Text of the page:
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Pearl History

Pearl Exports! Arno’s Really Lucrative Selling Point
(Included in the RRE 50th anniversary publication)

Mweitdrik Island, Arno Atoll, hosts a major fisheries – related business, but you won’t see much activity above sea level on this island.

But the Robert Reimers Enterprises black lip pearl oyster farm’s harvest of pearl with a sale value of about $40,000 in early 2000 is evidence that there is more than meets the eye at Mweitdrik Island.

Approaching this tiny island in the northwestern corner of Arno - at the tip of the smallest of Arno’s three lagoon - one sees dozens of plastic floats dotting the lagoon. The floats make nice resting spots for local birds, but they also hold up nets loaded with oysters in various stages of development.

The RRE pearl farm , which has been in operation since the mid- 1990’s is beginning to move out of the pilot, research stage and into stepped – up production. RRE invested in the pearl farm after RRE ‘s CEO Ramsey Reimers met with pearl oyster growers during a Marshall Islands trade mission to Australia and visited pearl farms in Australia, seeing the viability of this industry .

RRE has invested in pearls fully aware that it is an expensive, pains taking process to develop pearl oysters into a profitable business. The success of other South Pacific islands, combined with the studies and pilot phase growing of pearl oysters in the marshals that demonstrate pearl potential in the atoll environment of the Marshall Island, have convinced RRE that this will be a key business initiative for the future.

After more than two years working on Mweitdrik , pearl farm manager Frankie Pedro thinks he’s finally getting a handle on the pulse of his pearl oyster brood, including resolving some of the problems with predators that were causing a high mortality rate . “you can’t just say that because it works else where that it’s going to work here,” he said in mid- 2000. Experts often come in and advise the farm to handle the oysters a certain way based on experience in other parts of the Pacific. But Pedro thinks that local variations in water temperature, marine predators and environmental factors unique to Arno have to be taken into account instead of following a “blueprint” that someone has devised in another country.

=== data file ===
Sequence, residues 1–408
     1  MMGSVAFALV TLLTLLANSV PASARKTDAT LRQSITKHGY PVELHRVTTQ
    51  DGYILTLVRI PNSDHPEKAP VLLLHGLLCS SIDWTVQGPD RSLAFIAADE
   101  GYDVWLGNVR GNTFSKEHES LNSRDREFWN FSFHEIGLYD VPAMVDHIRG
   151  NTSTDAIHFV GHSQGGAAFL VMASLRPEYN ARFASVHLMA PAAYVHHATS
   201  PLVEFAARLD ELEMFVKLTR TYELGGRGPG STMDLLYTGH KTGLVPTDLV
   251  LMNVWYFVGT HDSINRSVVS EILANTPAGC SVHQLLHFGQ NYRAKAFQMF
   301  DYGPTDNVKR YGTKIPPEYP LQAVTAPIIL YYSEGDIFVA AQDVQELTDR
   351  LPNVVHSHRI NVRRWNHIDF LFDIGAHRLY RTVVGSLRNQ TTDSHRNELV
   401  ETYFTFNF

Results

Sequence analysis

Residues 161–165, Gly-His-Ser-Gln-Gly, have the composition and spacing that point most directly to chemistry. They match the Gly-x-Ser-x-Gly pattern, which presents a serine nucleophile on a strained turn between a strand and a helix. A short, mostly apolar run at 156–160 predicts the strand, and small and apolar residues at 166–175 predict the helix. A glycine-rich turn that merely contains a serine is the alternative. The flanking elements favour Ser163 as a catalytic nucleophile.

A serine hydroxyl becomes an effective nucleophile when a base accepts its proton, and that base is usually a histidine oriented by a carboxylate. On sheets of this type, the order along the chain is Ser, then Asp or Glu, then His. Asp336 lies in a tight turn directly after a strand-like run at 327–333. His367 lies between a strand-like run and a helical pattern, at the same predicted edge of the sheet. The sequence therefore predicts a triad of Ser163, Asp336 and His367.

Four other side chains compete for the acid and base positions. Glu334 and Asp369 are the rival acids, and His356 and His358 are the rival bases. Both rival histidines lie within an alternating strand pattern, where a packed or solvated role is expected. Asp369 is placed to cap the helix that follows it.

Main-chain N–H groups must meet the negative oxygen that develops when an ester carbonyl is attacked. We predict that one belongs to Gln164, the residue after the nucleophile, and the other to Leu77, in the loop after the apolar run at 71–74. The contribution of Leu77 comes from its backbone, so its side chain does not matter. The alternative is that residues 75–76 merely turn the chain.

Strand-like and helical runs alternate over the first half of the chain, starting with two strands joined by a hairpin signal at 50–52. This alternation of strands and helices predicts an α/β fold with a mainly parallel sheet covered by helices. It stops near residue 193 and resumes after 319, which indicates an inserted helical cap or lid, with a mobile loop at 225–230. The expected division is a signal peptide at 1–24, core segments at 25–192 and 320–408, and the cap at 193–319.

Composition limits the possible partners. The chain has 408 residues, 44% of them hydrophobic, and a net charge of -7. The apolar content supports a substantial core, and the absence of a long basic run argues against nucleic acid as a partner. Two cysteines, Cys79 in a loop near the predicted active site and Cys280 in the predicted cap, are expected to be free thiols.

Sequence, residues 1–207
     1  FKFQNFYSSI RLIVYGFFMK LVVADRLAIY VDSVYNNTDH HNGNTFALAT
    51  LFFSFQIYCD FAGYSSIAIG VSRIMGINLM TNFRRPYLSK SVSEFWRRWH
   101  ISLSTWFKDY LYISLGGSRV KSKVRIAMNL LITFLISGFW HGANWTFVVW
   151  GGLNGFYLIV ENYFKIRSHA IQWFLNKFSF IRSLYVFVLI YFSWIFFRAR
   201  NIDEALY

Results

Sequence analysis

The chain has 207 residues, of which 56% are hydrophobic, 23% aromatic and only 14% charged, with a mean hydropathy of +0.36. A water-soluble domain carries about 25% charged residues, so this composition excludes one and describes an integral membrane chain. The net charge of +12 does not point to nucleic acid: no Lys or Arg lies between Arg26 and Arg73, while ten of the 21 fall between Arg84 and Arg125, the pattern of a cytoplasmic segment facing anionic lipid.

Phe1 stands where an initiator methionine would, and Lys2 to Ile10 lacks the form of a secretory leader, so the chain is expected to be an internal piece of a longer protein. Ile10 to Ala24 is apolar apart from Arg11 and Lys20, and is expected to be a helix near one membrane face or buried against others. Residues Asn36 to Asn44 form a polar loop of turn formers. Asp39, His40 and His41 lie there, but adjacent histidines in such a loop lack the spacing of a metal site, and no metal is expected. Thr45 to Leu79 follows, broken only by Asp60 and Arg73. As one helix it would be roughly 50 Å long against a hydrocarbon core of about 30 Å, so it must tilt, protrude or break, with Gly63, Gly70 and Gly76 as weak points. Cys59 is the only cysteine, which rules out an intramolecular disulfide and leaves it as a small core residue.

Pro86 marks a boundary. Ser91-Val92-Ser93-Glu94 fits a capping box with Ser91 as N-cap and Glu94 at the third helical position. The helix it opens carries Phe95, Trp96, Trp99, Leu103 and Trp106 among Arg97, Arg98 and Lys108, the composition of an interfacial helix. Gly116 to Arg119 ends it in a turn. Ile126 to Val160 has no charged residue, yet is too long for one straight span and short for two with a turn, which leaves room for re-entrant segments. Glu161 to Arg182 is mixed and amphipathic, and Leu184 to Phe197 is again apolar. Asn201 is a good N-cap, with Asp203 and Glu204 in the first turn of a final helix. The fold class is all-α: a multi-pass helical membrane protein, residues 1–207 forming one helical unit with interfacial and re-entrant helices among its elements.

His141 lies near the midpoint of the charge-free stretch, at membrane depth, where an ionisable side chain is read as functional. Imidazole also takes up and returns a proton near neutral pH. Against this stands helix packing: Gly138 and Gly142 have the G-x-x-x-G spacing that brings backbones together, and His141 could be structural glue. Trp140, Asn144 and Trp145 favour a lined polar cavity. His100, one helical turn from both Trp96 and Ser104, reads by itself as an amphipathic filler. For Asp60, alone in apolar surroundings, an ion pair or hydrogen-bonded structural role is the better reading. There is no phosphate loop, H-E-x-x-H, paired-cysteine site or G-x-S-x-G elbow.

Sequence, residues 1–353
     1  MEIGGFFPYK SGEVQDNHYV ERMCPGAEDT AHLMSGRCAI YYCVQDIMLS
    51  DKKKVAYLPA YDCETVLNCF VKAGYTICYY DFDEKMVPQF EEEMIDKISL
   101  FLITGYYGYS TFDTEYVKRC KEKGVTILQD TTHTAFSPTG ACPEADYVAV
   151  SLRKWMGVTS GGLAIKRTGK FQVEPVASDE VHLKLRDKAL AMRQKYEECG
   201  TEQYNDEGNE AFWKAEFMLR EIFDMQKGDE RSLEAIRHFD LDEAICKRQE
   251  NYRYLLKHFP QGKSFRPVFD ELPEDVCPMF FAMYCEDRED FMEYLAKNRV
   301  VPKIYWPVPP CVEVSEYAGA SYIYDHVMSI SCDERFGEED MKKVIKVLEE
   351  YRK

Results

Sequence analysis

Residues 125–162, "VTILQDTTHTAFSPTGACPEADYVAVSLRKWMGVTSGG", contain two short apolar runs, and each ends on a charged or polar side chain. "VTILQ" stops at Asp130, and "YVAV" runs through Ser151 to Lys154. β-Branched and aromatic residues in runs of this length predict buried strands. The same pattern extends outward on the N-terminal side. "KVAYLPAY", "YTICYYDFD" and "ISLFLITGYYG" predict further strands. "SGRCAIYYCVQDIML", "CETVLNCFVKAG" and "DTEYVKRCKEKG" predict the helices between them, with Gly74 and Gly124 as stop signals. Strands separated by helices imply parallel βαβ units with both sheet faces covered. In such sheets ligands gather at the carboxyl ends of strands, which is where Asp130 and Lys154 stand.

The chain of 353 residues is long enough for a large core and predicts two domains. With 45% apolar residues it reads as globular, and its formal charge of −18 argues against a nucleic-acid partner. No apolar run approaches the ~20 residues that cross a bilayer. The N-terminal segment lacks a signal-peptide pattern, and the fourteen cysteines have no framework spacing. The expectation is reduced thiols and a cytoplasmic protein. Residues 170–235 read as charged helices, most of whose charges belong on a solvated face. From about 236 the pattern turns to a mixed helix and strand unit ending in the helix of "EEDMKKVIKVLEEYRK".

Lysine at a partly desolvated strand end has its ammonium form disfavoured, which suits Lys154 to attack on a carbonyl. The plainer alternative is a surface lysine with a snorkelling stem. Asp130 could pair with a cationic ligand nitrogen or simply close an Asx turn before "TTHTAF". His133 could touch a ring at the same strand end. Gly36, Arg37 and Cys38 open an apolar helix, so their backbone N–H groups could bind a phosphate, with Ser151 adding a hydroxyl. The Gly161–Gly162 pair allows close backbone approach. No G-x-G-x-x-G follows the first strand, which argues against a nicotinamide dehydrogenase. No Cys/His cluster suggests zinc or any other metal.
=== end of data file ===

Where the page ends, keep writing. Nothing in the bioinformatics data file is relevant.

Mweitdrik itself is nicely set up, with a kitchen and thatched roof hut next door for eating. There are a couple of workshops, and several small bungalows for housing Pedro and his family, and for visitors to the island. Small groups of visitors can easily be accommodated on Arno in two island – style, screened bungalows. Catchment tanks, toilets and showers – usually in short supply on the remote outer island are available. Solar panels provide lights and power for the HF radio and cellular phone that allows Pedro to communicate easily with Majuro.
“Frankie deserves most of the credit for what’s happening at the pearl farm”, said RRE's chief financial officer Peter Fuchs.

It takes about two years to grow a black lip oyster to the size where it produces a saleable pearl. The key for the Arno farm, said Pedro , is increasing its stock and number of spawning times a year so that it can be harvesting several times each year as the oyster mature. RRE plants to increase its oyster stock at Arno to at least 100,000. Once production reaches this level, RRE will look to Jaluit for possible expansion of the business. The company’s Majuro based aquaculture facility is also supporting the Arno pearl farm with spawning and grow of the oysters.

The pearl farm has also attracted the attention of overseas investors who have come out to visit the Arno pearl and see operation first hand.

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